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Okeayainneh v. R. Myers

United States District Court, W.D. Louisiana, Lake Charles Division

April 5, 2019

JULIAN OKEAYAINNEH REG. # 20515-112
v.
R. MYERS

         SECTION P

          UNASSIGNED DISTRICT JUDGE

          REPORT AND RECOMMENDATION

          KATHLEE KAY UNITED STATES MAGISTRATE JUDGE

         Before the court is a petition for writ of habeas corpus filed pursuant to 28 U.S.C. § 2241 by pro se petitioner Julian Okeayainneh. Okeayainneh is an inmate in the custody of the Bureau of Prisons (“BOP”) and is currently incarcerated at the Federal Correctional Institution at Oakdale, Louisiana. This matter has been referred to the undersigned for review, report, and recommendation in accordance with the provisions of 28 U.S.C. § 636 and the standing orders of this court.

         I.

         Background

         Okeayainneh challenges his 2012 conviction in the United States District Court for the District of Minnesota, of bank fraud, wire fraud, identity theft, and related charges. Doc. 1; see United States v. Okeayainneh et al., No. 0:11-cr-0087(1) (D. Minn. Aug. 15, 2012).

         On appeal, the Eighth Circuit affirmed Okeayainneh's conviction but found that a sentencing enhancement had been misapplied and remanded the case for resentencing. United States v. Adejumo, 772 F.3d 513 (8th Cir. 2014). Okeayainneh sought relief through a § 2255 motion and other pro se motions collaterally attacking his conviction, filed in the District of Minnesota, which the court denied. United States v. Okeayainneh, 2015 WL 13358236 (D. Minn. Dec. 21, 2015). He also appealed his new sentence to the Eighth Circuit, which denied relief on September 9, 2016. United States v. Okeayainneh, 668 Fed. App'x 681 (8th Cir. 2016). Okeayainneh then filed a second § 2255 motion and other collateral attacks on his conviction in the trial court, which denied same on August 1, 2018. Okeayainneh, No. 0:11-cr-0087(1), at doc. 1256. Okeayainneh appealed the court's ruling to the Eighth Circuit, which denied a certificate of appealability and dismissed the appeal on December 21, 2018. Id. at doc. 1276. Most recently, Okeayainneh filed two “Motions to Take Notice of Adjudicative Facts” in the trial court in January 2019, which are still pending. Id. at docs. 1277, 1279. He also filed a civil rights suit in the United States District Court for the Northern District of Texas against the United States Department of Justice and the Office of Personnel Management, seeking declaratory and injunctive relief based on FOIA requests he had issued to those agencies. Okeayainneh v. U.S. Dep't of Justice, No. 3:18-cv-1195 (N.D. Tex.). That suit is still pending. Id.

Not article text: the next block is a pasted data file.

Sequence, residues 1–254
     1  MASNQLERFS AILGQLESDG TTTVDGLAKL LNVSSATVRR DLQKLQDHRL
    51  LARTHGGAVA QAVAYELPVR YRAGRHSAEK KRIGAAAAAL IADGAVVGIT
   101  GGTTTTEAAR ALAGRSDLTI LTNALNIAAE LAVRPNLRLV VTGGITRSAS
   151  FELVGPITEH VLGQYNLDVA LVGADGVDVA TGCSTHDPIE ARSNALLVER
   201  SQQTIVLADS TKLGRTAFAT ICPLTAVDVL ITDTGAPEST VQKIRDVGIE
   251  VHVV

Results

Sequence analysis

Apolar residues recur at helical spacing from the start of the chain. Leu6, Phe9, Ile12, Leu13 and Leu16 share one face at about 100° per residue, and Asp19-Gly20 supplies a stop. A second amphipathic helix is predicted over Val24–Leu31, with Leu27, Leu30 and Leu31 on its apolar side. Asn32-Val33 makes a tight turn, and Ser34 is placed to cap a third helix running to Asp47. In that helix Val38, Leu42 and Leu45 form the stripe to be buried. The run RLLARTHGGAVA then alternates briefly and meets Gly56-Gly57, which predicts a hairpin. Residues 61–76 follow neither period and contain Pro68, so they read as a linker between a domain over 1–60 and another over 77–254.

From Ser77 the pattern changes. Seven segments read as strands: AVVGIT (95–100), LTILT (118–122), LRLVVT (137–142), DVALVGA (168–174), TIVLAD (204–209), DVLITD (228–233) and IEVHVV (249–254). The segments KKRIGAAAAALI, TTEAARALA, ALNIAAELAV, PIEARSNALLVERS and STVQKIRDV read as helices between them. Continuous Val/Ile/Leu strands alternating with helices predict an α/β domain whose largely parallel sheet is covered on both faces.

Okeayainneh now alleges that the trial court has vacated his restitution judgment and that this decision functionally invalidates his conviction of bank fraud because it contradicts the jury's determination that there was a loss to the victim. Doc. 1. Accordingly, he seeks to have his conviction and sentence vacated. Id.

         II.

         Law & Analysis

         A. Screening of Habeas Corpus Petitions

         A district court may apply any and all of the rules governing habeas petitions filed under 28 U.S.C. § 2254 to those filed under § 2241. See Rule 1(b), Rules Governing § 2254 Cases in the United States District Courts. Rule 4 of the Rules Governing § 2254 Cases authorizes preliminary review of such petitions, and states that they must be summarily dismissed “[i]f it plainly appears from the petition and any attached exhibits that the petitioner is not entitled to relief.” Id. at Rule 4. To avoid summary dismissal under Rule 4, the petition must contain factual allegations pointing to a “real possibility of constitutional error.” Id. at Rule 4, advisory committee note (quoting Aubut v. Maine, 431 F.2d 688, 689 (1st Cir. 1970)). Accordingly, we review the pleadings and exhibits before us to determine whether any right to relief is indicated, or whether the petition must be dismissed.

         B. ...


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